Florentino Perez is the man responsible for persuading the Bank of Spain to bankroll hundreds of millions of Euros – for a second time – into his Real Madrid club in an effort to return the club to the summit of both Spanish and European football.

Perez has attempted to recreate a second Galactico era following on from the hallowed footsteps of such purchases as Ronaldo (Brazil), Beckham, Figo and especially Zidane who helped deliver a Champions League.

Yet amid much fanfare, last summer’s signings of the mercurial Brazilian midfielder Kaka, Spanish midfield maestro Alonso, French striker Benzema and even the dancing feet of Ronaldo (Portugal) has failed to reproduce the glory days for the Santiago Bernabeu based club.

Worse still, arch-rivals Barcelona, inspired by the magnificent Lionel Messi, have won everything in sight. The Catalans followed up their outrageously successful 2009 season with a record points haul to claim a second consecutive La Liga title just a few short weeks ago in a campaign which included home and away victories over Real.

Perez moved quickly last night to begin the process of rehabilitating Real by sacking Manager Manuel Pellegrini and replacing him with quite possibly the first ever Managerial Galactico, Jose Mourinho. The self-proclaimed \’Special One’ has just enjoyed the most remarkable of campaigns by even his lofty standards. Mourinho delivered the Scudetto, Copa Italia and the Champions League (which included a sweet semi-final victory over Barcelona) to Inter Milan.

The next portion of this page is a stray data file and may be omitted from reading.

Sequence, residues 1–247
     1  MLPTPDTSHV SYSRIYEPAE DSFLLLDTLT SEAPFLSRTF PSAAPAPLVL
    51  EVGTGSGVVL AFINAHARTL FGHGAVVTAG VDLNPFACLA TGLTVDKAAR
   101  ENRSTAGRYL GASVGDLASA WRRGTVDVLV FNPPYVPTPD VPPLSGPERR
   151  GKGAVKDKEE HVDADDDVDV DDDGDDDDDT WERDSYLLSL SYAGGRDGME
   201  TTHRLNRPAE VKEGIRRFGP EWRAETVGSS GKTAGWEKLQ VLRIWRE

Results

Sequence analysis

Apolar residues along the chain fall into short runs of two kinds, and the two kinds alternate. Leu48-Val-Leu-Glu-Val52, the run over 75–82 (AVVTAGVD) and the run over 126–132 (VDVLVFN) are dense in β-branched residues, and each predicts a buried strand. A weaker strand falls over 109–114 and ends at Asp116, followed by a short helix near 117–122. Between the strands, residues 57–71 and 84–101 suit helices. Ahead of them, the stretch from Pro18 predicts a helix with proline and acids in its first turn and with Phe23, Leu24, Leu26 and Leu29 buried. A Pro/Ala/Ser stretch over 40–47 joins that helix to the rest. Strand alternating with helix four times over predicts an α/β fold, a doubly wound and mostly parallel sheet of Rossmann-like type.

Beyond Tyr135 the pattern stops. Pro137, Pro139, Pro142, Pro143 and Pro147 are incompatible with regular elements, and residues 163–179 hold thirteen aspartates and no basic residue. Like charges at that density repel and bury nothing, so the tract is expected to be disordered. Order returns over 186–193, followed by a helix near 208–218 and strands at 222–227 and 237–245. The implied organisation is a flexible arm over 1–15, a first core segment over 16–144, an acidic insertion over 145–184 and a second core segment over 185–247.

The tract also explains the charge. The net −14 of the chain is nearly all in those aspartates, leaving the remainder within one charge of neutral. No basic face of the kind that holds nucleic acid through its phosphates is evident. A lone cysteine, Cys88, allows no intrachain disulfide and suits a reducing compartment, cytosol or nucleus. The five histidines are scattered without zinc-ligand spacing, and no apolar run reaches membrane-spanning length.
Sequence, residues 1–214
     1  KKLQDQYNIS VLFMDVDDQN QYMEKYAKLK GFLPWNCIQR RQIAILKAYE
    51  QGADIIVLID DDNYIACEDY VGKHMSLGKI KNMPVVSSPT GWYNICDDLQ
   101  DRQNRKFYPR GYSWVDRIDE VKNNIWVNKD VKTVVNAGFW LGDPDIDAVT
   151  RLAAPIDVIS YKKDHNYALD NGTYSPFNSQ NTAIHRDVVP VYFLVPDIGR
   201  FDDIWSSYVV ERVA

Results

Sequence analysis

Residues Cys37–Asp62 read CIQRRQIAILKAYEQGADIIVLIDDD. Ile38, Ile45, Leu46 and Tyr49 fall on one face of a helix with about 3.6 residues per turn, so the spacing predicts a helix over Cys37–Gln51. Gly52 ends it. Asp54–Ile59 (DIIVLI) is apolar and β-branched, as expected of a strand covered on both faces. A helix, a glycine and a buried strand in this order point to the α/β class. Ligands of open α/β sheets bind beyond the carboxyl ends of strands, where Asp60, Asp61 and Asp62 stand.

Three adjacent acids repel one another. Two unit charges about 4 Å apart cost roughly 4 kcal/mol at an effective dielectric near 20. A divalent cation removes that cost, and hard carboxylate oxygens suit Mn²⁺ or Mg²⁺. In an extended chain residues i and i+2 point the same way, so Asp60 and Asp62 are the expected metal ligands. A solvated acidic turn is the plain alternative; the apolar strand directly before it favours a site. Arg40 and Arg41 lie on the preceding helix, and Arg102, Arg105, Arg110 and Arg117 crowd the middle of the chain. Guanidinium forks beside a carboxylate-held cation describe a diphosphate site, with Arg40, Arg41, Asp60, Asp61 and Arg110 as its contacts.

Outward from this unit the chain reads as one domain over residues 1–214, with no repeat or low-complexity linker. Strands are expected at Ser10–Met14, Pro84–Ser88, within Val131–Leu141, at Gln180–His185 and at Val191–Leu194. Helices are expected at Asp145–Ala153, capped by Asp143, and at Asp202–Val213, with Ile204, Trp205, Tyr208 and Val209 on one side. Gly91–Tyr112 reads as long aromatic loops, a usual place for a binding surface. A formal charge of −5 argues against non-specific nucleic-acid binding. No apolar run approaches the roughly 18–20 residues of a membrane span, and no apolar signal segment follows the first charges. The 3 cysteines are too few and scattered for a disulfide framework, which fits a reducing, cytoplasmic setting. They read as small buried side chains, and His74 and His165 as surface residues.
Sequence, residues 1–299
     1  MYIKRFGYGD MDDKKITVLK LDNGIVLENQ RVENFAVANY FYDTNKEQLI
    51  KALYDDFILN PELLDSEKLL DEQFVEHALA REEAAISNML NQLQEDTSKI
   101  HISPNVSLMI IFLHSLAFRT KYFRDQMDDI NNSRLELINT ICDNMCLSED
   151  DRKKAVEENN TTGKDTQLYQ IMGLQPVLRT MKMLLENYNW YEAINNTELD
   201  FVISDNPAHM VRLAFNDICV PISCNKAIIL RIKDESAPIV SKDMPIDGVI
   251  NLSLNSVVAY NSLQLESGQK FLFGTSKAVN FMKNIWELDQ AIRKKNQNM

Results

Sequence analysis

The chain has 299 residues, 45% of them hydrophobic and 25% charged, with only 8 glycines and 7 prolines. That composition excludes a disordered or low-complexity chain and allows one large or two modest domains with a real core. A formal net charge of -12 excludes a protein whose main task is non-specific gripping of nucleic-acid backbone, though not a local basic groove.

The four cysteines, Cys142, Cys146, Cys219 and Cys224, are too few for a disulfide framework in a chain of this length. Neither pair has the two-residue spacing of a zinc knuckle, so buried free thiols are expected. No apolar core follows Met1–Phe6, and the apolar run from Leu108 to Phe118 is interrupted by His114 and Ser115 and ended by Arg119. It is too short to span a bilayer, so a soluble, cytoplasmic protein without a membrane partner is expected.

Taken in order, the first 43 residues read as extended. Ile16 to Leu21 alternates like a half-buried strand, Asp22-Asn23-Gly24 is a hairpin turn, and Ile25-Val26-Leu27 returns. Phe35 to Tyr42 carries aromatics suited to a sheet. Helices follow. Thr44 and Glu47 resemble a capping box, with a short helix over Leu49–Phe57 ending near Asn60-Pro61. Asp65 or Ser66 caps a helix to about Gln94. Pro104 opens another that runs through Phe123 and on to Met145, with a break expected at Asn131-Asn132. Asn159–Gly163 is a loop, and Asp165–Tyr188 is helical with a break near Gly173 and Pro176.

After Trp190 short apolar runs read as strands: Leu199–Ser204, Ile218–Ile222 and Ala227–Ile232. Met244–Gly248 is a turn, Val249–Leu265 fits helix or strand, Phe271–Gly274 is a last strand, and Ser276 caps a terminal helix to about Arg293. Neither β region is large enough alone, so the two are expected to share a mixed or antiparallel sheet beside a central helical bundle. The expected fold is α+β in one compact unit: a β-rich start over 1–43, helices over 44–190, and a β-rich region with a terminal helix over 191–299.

Winning is something the Madrid media, fans and owner will demand of Mourinho from day one but as long as it is easy on the eye. That will be the key to the Portuguese manager’s success. Can he marry a talented squad into a cohesive unit that firstly plays beautiful football and secondly wins football matches?

As a manager, Mourinho will only be interested in results.

Naturally if his side plays attractive football along the way then well and good, but win first and entertain if you can is a mantra that has followed the coach from his days in Porto. Look at the talent at his disposal at Inter. Sneijder, Eto’o and Milito formed a devastating triumvirate of attackers. Yet each player also knew his role when not in possession and could always be relied upon to close the opposition down by pressing high up the pitch.

Mourinho’s biggest task will be accepting the demands of his fans and the Madrid media in producing attractive rather than the effective football style he successfully introduced at Inter and Chelsea.

Most clubs would be happy to lift trophies under the stewardship of a manger such as Mourinho irrespective of the type of football they produce. But Real Madrid are not like most clubs and Mourinho will never have been under as bright a spotlight as he is about to come under.

So the question is will Mourinho be a success at Real Madrid?

Well his credentials are impeccable. He has already worked under demanding club owners in Roman Abramovich at Chelsea and Massimo Moratti at Inter. He has galvanised star-studded squads full of egos into his way of thinking, his way of playing, his way of winning.

He has demonstrated shrewd judgement in the transfer market in acquiring Wesley Sneijder to anchor Inter’s Champions League success. He has even persuaded Samuel Eto’o to track back and defend.

In short, Mourinho is the only manager with a big enough ego and big enough cajones to take on the Madrid hot seat and bring success back to the Santiago Bernabeu.

Only time – possibly not as much time as he has previously been afforded at other clubs – will tell. Irrespective of his success or lack of it, Mourinho stoking the fire with his vitriolic comments and getting under Barca’s skin is going to make for some fascinating football and TV next season.

Ger McCarthy is author of the book entitled \’Off Centre Circle’, published by the Evening Echo, which chronicles the curious life of a West Cork amateur soccer player.

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